I found a neat little site on the internet the other day. It was a cost counter for the congressional hearings into the Benghazi debacle.
You know, when the House was trying to figure out exactly what happened the night a U.S. ambassador was killed over a youtube video (which really wasn’t the reason, but still, we’re trying to find answers).
The sight was still racking up costs, and at the time of this writing, was $11,333,097.
That’s 11 million dollars for an investigation, all paid courtesy of the U.S. taxpayers.
Currently, there’s an investigation into what’s being called Russiagate, trying to figure out how Russia meddled in the 2016 presidential election causing Hillary Clinton to lose … err, sorry … Donald Trump to win.
No figures have been released that I can find, but current estimates peg the amount at around $6 million, and since a special prosecutor — Robert Mueller — has just been appointed, you can bet this is going to get very costly very soon.
Now, for the sake of clarity, if there was something illegal done, we’d certainly need to hear about that. But from what I gather, there has been nothing of significance found in this time, even after the subpoenas of everyone, including probably the Trump’s pets, have been sent out in search of some smoking gun.
By way of comparison, the investigation into Bill and Hillary Clinton and the Whitewater, travelgate, filegate and rape allegations, according to CNN, lasted 4 ½ years and cost $39.2 million. The Danforth report put the costs of the investigation into the Waco siege of the Branch Davidians at $17 million.
Those costs, of course were decades ago, so the price of this surely has escalated, and it’s all laid in the lap of the taxpayer — you and I and every other hard-working American.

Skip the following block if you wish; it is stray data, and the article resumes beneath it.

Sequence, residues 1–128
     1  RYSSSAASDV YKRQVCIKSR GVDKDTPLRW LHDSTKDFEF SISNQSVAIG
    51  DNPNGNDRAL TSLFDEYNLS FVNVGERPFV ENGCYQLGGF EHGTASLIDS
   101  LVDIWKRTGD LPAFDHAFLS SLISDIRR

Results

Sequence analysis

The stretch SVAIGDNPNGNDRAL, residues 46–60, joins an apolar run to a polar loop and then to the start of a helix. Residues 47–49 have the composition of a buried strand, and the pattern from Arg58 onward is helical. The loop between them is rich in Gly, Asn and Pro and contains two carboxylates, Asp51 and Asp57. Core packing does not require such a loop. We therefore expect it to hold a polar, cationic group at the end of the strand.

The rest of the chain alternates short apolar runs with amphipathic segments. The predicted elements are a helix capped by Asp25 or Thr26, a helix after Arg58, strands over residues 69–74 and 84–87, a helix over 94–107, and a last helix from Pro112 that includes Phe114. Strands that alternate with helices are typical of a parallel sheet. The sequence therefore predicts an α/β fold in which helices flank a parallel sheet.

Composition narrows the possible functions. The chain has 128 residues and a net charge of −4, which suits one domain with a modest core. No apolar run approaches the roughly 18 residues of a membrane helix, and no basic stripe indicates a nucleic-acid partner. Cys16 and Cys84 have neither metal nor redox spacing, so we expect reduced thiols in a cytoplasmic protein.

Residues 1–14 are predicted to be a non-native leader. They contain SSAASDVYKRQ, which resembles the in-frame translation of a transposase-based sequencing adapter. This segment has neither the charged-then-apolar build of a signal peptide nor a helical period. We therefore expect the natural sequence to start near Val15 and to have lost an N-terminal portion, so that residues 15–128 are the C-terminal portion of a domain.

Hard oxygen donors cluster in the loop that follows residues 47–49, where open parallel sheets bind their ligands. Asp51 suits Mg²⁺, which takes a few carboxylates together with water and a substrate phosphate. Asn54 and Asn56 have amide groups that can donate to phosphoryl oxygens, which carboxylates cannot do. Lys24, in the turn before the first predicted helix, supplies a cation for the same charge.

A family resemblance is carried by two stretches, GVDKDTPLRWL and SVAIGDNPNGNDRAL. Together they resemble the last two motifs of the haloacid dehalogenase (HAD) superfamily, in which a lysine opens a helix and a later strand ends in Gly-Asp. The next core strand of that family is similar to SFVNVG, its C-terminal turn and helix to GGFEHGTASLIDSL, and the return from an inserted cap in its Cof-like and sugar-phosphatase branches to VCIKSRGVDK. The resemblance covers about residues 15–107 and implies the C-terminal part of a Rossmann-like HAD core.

Again, wrong is wrong, to be sure, but I can’t help thinking we’re funding a giant fishing expedition, the end of which will surely do nothing positive for the country or its people.
This is just another example of how Washington, D.C., is operating in a vacuum, and the elected officials and appointed bureaucrats have forgotten the real reasons they have been placed in their positions.
There is more and more an elitist quality exhibited by our “leaders” that show they only have their best interests at heart, seeking re-election and more control over the day-to-day existence of the people. It’s not just the gated-community attitude; it’s the regulations, laws and edicts which give our leaders that power.
And all of that remains largely unchallenged.
We need to ask our leaders, at every level, to justify their spending of our money. We need to remind them that they can’t just throw open the bank vault and start shoveling money wherever. And if they can’t give plausible reasons, get them to stop or replace them.
Or, if possible, we can get them to pass laws that allow the common man and woman to spend the same way that Congress does.
Tony Farkas is publisher of the Madisonville Meteor.